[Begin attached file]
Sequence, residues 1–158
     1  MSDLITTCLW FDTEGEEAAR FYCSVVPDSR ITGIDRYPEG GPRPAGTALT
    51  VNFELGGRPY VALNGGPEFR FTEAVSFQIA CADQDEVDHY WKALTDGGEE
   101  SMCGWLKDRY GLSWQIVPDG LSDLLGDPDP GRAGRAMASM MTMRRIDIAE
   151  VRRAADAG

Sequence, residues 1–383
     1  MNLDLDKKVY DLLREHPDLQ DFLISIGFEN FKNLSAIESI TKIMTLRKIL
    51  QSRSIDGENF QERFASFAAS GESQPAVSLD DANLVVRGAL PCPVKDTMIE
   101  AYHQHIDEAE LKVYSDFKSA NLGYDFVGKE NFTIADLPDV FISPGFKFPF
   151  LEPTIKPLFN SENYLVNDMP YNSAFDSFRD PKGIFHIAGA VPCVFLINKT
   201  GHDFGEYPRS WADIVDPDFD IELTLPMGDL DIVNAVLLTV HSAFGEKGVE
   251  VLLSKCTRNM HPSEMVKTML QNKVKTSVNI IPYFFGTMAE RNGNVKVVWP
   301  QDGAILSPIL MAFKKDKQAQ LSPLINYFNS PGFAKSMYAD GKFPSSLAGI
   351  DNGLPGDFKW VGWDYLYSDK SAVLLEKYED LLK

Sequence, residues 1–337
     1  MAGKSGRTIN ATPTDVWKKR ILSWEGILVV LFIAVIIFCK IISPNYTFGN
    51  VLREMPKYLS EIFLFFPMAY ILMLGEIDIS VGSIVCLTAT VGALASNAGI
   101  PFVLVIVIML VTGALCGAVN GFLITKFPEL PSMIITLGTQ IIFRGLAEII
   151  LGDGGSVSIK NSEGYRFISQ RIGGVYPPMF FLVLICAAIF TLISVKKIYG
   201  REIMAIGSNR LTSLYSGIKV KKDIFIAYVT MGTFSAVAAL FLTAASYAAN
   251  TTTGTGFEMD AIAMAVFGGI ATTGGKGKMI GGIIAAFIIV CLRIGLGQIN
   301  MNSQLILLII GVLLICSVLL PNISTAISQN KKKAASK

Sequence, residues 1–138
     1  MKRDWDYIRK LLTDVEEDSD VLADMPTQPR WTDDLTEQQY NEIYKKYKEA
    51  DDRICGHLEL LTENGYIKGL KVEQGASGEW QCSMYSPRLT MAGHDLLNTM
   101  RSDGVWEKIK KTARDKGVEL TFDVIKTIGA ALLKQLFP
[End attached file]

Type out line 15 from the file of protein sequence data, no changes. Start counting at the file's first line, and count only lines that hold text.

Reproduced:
Sequence, residues 1–337